Target Corp. is shutting down its food lab in Cambridge, Mass., after all.

Last week, an offer to buy the Food + Future lab surfaced at the last minute as the Minneapolis-based retailer was preparing to wind it down. But Target apparently couldn't come to terms with the buyer.

"We worked with the Food + Future team over the past few months to find interested outside investors, but were not able to come to an agreement," Jenn Reck, a Target spokeswoman, wrote in an e-mail. "And as a result, we're winding down Food + Future and the work will come to a close in June."

The food lab, which opened a little more than a year ago, is one of a number of innovation-related projects that CEO Brian Cornell has been shutting down in recent months as Target's sales have continued to slide. He's been refocusing innovation efforts to be more closely tied to Target's core business and to those that will pay off more quickly.

"As we shared earlier this year, Target is investing in key strategies that will propel our business over the long-term and is pursuing innovation most closely tied to those investments," Reck said.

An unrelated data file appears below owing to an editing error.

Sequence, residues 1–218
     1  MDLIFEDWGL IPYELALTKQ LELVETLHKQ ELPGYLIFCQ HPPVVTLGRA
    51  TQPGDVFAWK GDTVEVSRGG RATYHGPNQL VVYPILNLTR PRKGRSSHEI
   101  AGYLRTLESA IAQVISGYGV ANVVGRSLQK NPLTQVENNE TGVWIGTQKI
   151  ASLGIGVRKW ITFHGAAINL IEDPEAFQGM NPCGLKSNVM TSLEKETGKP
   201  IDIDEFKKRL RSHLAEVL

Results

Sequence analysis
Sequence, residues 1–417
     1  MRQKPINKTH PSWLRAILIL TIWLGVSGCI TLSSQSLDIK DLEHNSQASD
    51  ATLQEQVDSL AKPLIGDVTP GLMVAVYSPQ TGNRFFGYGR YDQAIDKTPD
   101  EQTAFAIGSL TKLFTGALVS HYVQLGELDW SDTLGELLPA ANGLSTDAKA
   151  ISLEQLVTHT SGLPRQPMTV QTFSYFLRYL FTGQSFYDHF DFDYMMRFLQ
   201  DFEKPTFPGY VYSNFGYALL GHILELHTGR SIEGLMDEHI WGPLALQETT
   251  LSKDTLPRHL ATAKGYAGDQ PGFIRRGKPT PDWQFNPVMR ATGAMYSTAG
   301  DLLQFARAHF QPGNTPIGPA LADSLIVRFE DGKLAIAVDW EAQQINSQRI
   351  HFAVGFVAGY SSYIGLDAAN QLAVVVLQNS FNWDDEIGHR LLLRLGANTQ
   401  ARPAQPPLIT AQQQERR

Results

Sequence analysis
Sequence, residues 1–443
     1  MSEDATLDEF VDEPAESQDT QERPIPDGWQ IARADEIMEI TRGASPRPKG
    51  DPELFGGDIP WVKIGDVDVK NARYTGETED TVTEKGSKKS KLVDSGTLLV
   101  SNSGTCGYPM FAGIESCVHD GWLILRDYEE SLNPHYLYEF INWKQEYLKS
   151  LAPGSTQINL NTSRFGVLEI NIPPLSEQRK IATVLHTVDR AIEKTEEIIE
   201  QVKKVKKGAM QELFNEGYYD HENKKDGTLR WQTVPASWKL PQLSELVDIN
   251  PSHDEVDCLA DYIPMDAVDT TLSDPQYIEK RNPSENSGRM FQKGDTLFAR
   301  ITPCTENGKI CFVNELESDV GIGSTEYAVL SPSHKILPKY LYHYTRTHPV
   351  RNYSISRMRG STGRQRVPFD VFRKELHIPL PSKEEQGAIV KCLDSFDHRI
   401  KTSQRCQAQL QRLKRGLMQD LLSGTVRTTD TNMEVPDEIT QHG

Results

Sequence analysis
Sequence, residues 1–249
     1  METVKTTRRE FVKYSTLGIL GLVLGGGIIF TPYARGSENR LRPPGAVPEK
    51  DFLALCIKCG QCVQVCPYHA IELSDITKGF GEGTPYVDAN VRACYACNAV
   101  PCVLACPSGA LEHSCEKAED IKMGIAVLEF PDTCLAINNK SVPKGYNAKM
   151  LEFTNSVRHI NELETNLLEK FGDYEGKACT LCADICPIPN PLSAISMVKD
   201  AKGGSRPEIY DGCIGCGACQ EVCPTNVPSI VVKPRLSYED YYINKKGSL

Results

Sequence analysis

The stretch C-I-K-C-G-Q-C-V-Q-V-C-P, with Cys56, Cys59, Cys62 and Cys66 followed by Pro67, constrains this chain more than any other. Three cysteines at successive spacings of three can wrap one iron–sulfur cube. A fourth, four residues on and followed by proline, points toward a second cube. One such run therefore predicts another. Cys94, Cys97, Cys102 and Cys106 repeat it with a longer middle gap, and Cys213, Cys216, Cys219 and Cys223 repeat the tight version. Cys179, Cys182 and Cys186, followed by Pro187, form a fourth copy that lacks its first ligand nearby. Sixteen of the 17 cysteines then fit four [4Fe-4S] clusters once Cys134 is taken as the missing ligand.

Last week, Target announced internally that Casey Carl, its chief innovation and strategy officer, will be leaving the company next month. Carl spearheaded an entrepreneur-in-residence program that helped spawn many of these projects that have been cut, including the food lab and a secretive start-up called Goldfish. Earlier this year, Target also halted a store-of-the-future prototype that was about to be built in Silicon Valley.

The food lab was the brainchild of one of the outside entrepreneurs that Carl brought to Target. Greg Shewmaker, a former Tesco executive, set up the lab to explore how Target could help lead in bringing more transparency to the food system and the supply chain. The lab, which partnered with MIT Media Labs and the design firm Ideo, also included a farm in Vermont.

The team was exploring a number of ideas including building indoor farms in some stores and was planning to test one at Target's store near Fenway Park in Boston. It also worked with schools to help boost curricula for children around how food is grown and was using spectroscopy to scan produce in order to create a database that Target could use to improve freshness in its supply chain.

Target employs about 10 full-time workers at the lab. Other positions are funded by other partners.

While Target pulls back on these projects, it's refocusing on its strategic priorities including remodeling hundreds of stores over the next few years, lowering prices to better compete with Wal-Mart and Amazon, and launching a dozen new or refreshed in-house brands.